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Weddings With No Kids Allowed


Published February 10, 2016 at 10:00 a.m.
Updated May 14, 2019 at 4:23 p.m.

  • Mo Oh

Weddings used to be fun. All through my twenties, I tore open invitations, visions of open bars and romantic locales dancing in my head. Sweet, I'd think, I guess we're going to Scotland this summer!

Then, almost two years ago, I had a baby. Since then, every time my husband and I receive an envelope blinged out with gold calligraphy, I have to take a deep breath. I'm happy for the couple, but also suddenly ... stressed.

Instead of thinking, Ooh, what am I going to wear? I'm thinking, Can we bring Joni? If not, who's going to watch her? Can we afford plane tickets, a gift and a babysitter? Why does the thought of leaving her in a hotel room with a strange babysitter still make me feel so unhinged?

Assuming kids are invited to the wedding is a relatively new phenomenon, according to Lizzie Post of the Burlington-based Emily Post Institute. Back in the day, she says, "You would only see kids at a wedding if they were in the wedding. Now, everything is a DIY, out-in-the-backyard, invite-the-whole-neighborhood kind of thing."

It's very easy to offend parents, Post adds, by informing them you don't want their precious children at your big celebration.

Professional wedding planner Meg Schultz says one of the first questions she asks her clients is "Do you want kids at the wedding?"

"Sometimes it's a logistical decision, and sometimes it's more of an emotional one," says Schultz, who has been planning nuptials through her Moretown-based business, Meg's Events, for a decade. Plenty of couples want a family vibe. But some people just don't like kids. Or they want to go formal. Others may want to include a niece or nephew in the ceremony, but they don't want guests bringing additional children. Some wedding venues simply don't allow children.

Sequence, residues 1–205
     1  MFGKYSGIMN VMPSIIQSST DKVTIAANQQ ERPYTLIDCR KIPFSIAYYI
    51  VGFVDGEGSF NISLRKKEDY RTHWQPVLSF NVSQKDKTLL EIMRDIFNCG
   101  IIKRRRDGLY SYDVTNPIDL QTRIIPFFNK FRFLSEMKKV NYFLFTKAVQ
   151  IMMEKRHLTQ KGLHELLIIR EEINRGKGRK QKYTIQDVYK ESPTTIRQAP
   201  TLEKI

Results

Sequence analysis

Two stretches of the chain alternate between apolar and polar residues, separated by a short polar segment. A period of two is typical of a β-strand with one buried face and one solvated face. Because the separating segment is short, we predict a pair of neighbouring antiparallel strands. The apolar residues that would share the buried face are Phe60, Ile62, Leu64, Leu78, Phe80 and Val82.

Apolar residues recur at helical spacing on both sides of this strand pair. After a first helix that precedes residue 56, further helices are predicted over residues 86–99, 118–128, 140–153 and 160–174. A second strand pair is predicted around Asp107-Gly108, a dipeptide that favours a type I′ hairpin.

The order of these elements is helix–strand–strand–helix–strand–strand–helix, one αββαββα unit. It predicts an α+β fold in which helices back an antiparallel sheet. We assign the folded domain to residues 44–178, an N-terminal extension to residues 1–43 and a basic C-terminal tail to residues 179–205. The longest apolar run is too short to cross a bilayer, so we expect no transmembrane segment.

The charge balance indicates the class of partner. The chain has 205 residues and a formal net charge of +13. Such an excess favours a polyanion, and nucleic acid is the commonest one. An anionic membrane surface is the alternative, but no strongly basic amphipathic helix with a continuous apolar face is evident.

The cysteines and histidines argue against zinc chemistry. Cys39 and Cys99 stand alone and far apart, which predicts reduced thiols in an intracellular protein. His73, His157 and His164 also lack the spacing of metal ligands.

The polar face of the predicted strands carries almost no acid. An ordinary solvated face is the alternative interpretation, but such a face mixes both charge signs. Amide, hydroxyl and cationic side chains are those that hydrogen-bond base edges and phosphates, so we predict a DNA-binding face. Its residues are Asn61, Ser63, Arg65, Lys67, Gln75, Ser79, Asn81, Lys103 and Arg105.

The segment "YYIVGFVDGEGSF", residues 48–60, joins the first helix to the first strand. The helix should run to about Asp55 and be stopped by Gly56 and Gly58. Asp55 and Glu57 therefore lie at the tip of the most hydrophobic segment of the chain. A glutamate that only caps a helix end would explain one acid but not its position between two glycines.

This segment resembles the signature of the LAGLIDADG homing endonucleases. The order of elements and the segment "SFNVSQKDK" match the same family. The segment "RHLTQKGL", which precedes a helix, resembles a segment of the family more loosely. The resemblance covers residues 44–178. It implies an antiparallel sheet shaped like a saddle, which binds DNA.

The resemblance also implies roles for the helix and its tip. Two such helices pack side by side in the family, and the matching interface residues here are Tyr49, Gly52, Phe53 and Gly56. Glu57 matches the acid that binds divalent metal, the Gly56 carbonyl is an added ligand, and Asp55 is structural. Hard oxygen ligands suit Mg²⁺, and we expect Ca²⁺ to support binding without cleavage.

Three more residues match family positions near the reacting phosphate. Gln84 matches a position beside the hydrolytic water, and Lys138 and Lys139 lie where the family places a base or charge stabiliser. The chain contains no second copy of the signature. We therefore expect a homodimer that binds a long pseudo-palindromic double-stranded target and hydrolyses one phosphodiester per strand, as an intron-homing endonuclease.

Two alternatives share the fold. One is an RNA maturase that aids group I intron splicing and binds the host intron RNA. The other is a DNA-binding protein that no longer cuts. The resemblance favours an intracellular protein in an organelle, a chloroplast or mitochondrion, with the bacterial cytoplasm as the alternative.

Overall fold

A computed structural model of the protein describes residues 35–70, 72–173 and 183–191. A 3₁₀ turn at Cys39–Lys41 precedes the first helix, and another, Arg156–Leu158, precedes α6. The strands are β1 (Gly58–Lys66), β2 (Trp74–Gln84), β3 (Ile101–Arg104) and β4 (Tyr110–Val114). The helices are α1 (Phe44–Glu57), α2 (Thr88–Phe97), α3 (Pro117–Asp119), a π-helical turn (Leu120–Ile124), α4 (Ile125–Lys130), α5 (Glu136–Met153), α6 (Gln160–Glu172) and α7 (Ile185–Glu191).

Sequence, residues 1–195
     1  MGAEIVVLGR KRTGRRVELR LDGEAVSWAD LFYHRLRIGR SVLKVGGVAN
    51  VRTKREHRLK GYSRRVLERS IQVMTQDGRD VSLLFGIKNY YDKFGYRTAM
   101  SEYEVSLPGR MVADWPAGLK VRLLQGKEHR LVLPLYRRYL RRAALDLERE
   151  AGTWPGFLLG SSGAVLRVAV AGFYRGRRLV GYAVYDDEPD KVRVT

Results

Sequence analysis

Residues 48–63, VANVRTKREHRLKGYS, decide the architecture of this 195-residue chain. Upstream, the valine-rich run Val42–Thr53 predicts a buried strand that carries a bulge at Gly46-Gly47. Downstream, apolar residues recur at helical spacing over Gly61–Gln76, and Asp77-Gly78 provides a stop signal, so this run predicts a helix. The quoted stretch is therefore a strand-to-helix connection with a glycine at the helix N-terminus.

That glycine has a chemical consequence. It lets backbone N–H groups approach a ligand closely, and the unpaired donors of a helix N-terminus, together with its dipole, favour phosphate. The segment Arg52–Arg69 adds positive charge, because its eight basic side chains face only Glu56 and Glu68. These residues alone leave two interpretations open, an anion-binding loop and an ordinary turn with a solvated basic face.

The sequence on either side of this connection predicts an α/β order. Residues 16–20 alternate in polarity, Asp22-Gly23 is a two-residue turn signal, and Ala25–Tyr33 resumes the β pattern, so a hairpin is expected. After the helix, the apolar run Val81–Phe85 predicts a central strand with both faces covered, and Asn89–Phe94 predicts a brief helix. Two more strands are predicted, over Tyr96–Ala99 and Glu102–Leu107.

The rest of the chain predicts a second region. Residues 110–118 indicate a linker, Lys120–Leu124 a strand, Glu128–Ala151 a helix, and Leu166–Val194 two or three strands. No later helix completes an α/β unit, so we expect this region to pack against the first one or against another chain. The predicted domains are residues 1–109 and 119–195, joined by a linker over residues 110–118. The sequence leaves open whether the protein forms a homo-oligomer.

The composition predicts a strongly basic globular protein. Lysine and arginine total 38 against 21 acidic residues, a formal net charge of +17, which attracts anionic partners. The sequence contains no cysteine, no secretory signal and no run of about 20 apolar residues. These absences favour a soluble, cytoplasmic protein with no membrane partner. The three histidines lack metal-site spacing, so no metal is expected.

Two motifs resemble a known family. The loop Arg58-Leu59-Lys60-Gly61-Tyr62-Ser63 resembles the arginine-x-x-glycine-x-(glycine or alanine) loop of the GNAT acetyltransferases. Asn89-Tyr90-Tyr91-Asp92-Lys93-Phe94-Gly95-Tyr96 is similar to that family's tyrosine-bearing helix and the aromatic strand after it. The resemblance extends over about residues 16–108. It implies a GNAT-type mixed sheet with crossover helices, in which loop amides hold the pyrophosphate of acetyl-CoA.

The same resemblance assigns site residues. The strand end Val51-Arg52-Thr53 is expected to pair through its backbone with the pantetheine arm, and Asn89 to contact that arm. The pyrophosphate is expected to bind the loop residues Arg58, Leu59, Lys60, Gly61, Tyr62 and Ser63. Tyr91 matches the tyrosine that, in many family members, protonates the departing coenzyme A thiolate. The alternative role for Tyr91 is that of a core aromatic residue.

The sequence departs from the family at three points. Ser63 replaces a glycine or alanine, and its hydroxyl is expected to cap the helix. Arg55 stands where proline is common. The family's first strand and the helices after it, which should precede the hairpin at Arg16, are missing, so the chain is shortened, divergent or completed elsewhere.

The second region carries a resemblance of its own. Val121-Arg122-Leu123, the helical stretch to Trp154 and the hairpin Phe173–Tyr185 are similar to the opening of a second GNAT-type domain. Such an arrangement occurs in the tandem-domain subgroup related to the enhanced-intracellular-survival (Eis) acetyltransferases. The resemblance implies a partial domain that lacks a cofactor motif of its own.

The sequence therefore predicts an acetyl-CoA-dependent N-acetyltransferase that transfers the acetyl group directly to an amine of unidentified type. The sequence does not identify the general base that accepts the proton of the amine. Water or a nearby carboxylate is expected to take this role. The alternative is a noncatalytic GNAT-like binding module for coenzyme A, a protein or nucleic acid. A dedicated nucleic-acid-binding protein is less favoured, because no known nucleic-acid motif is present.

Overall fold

"Having kids at the wedding completely changes the dynamic," says Schultz. "But it is tricky, because a lot of groups of friends get married and have kids around the same time. If you're the last couple to get married, and all your friends have really young kids, then it becomes a touchy subject."

Not that all parents want to drag their kid along to a party. When it's an all-adult affair, says Schultz, many guests "do really like the element of not having to look over their shoulder every 20 seconds to make sure their kids aren't running into the road or pulling things off the tables."

I can relate. My college friend Carolyn got married last June at an enchanting lodge tucked into the woods along Maine's Sebago Lake. She and her fiancé, Paul, didn't want a lot of children at the wedding.

"The most recent wedding we had attended as we were planning our own had crying toddlers," Carolyn tells me. "We didn't hear a word of the ceremony and were very disappointed to feel like we missed it."